Five counties in eastern Iowa are trying out a less formal approach to family court in hopes of resolving cases faster and preserving court resources.
Judge Nancy Tabor of Scott County says currently her docket is full of people representing themselves. Most people aren’t familiar with the court system, which means these cases take a lot of time.
So Tabor is trying out a more straightforward approach.
"Each party speaks freely with the judge, tells the judge whatever they want the judge to hear, gives the judge whatever documents they want the judge to have, pictures anything they want to bring," she says. "The other party does not get to cross examine them or ask any questions."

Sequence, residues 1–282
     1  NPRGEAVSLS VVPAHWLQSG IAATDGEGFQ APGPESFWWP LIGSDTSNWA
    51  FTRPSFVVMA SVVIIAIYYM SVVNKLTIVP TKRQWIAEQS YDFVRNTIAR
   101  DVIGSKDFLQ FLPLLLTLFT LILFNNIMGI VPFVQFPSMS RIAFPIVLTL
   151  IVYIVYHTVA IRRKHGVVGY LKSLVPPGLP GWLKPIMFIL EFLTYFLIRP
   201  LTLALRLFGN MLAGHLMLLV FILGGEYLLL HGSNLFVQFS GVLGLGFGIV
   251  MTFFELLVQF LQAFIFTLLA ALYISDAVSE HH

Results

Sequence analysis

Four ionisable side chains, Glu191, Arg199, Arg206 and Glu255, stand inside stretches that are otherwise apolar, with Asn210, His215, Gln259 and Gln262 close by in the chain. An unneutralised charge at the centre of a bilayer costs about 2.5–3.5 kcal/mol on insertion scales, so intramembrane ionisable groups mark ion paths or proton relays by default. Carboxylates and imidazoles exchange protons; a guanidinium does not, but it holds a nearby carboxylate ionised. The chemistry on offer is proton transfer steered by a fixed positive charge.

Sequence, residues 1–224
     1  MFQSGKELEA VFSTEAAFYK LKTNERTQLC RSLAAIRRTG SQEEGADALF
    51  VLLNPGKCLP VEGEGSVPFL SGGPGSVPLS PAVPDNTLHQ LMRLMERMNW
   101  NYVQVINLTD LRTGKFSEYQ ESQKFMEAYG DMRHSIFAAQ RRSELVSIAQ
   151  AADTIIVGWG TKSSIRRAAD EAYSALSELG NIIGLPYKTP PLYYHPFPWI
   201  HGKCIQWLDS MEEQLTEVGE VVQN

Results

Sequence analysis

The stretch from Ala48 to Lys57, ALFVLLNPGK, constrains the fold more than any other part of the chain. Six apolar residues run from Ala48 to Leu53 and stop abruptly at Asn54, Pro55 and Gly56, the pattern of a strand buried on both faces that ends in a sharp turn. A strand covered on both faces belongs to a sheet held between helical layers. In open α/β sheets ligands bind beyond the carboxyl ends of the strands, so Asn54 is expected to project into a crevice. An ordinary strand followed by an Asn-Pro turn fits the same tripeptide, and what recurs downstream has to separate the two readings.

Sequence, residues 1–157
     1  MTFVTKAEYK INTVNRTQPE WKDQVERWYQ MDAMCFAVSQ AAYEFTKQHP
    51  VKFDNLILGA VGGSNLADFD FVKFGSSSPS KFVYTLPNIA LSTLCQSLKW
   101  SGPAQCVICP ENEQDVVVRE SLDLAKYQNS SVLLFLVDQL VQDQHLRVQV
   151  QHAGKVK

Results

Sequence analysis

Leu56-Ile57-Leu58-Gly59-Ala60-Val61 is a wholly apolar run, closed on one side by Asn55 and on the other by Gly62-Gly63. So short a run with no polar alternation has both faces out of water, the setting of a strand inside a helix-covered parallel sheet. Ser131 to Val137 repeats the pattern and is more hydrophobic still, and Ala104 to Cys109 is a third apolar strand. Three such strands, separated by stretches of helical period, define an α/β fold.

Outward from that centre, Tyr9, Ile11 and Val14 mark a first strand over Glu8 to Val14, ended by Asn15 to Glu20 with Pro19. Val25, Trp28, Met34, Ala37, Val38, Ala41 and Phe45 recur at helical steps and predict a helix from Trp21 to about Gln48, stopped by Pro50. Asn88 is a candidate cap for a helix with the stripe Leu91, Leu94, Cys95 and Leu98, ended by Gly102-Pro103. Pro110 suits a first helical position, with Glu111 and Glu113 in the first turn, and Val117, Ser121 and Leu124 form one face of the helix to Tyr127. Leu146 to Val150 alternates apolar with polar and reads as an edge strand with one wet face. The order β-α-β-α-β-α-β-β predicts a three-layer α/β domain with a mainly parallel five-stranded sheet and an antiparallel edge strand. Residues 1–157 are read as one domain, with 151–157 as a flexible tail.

Once the first person is done speaking with the judge, the process is repeated with the opposing party. Then the judge makes their ruling within days.
"Often times due to [self-representing litigants'] inexperience with the court system, they're not equipped to give us all the information that we need oftentimes in a trial," explains Judge Henry Latham, who is joining Tabor with the trial project. "This allows the judge to go much further than we're allowed otherwise, given our judicial ethics, to proceed in asking questions."
Tabor expresses hope this approach will free up resources and resolve family legal matters quicker than the traditional model.